The first week of this blog was mostly about setting up my Lifestream and getting the various feeds to work. Although I’ve used WordPress before (for the IDEL course and some years back when I did some of the blogging for a company I worked for) I’ve never been a serious user, and haven’t looked at the various set up options, let alone how posts can be made automatically using a service like IFTTT.
My first ever post on the stream was a standard blog post titled “Hello Void”. This was a reference to The Laundry Files, a set of books by Charles Stross. While these novels aren’t directly linked to the concepts covered when looking at Digital Cultures, the main character in them uses computer technology to defeat eldritch forces from another set of dimensions – the techniques he uses would have been considered magic in ages past, but they depend on higher mathematics, which is much easier and safer when carried out by machines.
It struck me later in the course that there _is_ a link between the fictional world inhabited by Bob Howard (the main character) and the course – when looking at the types of cyborg discussed by Miller, V. (2011) (Chapter 9: The Body and Information Technology, in Understanding Digital Culture. London: Sage.) we can see that Bob’s use of computers, mobile phones and electronic “grids” positions him as an Enhancing type of cyborg – he uses technology to improve his innate human abilities (to see creatures and energies beyond the usual visible spectrum, to detect and defuse wards and magical effects left in place by his enemies and many similar functions). Thinking along these lines, many characters from a range of different fictions could be considered to be cyborgs. James Bond’s gadgets, Sherlock Holmes’s magnifying glass, even Aragorn’s Sword That Was Broken, are all examples of technology that is synonymous with the character. Thinking of the steps in The Heroes Journey (Campbell, J. (1949)The Hero With a Thousand Faces. Princeton, N.J.: Princeton University Press.) one of the key steps for the hero is to receive “talismans” or special objects that help him on his quest. Could it be that we have always to an extent been fascinated with the concept of people who are enhanced beyond the normal by the tools that they carry?
An awful lot of Tweets and Facebook posts with pictures of cats
These are just the way that I tested out my IFTTT links. I wanted to make sure that shared media would also transfer along with the body of the Tweet or Facebook post. This took some figuring out until I got the format looking how I wanted it. Once I had the look right I went back and edited the earlier posts so that they would have the same appearance, but they have mostly been left in because they show an interesting chronology of my attempts.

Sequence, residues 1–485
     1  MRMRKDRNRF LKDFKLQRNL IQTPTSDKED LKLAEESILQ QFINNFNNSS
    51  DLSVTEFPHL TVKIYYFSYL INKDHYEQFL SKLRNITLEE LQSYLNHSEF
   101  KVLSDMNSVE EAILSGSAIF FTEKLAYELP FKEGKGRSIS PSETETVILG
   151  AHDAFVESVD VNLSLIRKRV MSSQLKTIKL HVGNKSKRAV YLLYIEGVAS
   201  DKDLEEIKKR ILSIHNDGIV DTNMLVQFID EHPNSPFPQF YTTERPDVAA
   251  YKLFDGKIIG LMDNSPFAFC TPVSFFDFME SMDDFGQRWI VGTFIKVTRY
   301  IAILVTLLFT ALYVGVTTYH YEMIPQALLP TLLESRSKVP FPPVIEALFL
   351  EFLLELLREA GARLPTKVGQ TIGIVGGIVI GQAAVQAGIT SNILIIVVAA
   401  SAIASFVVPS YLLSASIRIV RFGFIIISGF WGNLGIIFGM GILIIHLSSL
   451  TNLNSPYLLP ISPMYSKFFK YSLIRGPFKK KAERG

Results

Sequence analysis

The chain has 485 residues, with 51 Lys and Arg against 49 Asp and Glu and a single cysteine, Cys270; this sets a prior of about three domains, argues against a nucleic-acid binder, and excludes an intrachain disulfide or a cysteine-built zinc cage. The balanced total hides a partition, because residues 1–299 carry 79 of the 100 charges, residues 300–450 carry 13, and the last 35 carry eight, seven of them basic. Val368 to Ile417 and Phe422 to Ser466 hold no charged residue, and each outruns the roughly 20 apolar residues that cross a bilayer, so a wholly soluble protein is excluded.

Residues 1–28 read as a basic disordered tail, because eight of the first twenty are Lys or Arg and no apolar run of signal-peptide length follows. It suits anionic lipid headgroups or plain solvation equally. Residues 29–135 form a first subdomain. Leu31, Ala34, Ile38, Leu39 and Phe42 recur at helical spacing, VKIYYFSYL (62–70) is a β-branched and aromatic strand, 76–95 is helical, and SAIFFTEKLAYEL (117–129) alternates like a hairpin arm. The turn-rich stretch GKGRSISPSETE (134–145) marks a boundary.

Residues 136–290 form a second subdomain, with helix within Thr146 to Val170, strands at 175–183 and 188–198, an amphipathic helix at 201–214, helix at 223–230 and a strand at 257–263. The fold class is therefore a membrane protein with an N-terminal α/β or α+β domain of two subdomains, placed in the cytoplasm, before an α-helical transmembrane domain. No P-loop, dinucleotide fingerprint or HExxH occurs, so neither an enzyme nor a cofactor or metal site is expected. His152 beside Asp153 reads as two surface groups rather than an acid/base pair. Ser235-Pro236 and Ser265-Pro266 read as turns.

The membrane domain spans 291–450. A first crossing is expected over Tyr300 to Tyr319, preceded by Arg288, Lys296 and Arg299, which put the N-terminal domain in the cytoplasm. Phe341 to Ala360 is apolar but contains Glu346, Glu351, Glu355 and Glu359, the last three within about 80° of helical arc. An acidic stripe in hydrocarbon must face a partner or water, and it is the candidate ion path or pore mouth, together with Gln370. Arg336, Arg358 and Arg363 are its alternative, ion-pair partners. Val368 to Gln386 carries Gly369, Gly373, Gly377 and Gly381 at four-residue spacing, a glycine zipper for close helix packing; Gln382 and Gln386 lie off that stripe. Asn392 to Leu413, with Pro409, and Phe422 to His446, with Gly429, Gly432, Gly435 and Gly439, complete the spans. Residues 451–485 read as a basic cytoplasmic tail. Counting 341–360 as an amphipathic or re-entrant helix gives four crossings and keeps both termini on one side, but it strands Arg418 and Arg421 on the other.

Why cat pictures? Well, it has often been suggested that the internet either exists for cats, or is made out of cats. This is a long running internet joke (or meme), so it makes sense to use it in the context of looking at Digital Cultures.
Music videos posted from YouTube
There are a few reasons why I posted these. Firstly it added another feed from a website that I use often. Secondly, I like to listen to music when I’m writing (both for atmosphere and to help me measure the passage of time). Thirdly, I kept these particular videos on my Lifestream because they relate in some way to the first block on Cyber Cultures.
Arctic Monkeys – Four Out Of Five. This song is part of an album that looks at the concept of having an hotel in space, so already it’s pretty sci-fi. However, the overwhelming feeling of the album, especially this track, is that the whole thing ends up being a bit naff. Although Tranquillity Base Hotel and Casino was ahead of its time as a resort, it has been superseded and now it inhabits the same sort of niche as Blackpool Pleasure Beach or Butlins. We see this with technological advances all the time – Betamax, VHS, DVD, Google Glass, MySpace, Bing, Zunes, vinyl records, the list goes on of things that where heralded as cutting edge, but now are seen with a sort of ironic nostalgia bordering on kitch.
Muse – Plug In Baby. This is just directly a song about cyborgs. However it can also refer to the instruments played by the band – their own cyborg enhancements. Muse are linked peripherally to the 90’s Cyber Goth sub-culture who’s adherents enjoyed Dystopian and Cyberpunk fiction and music.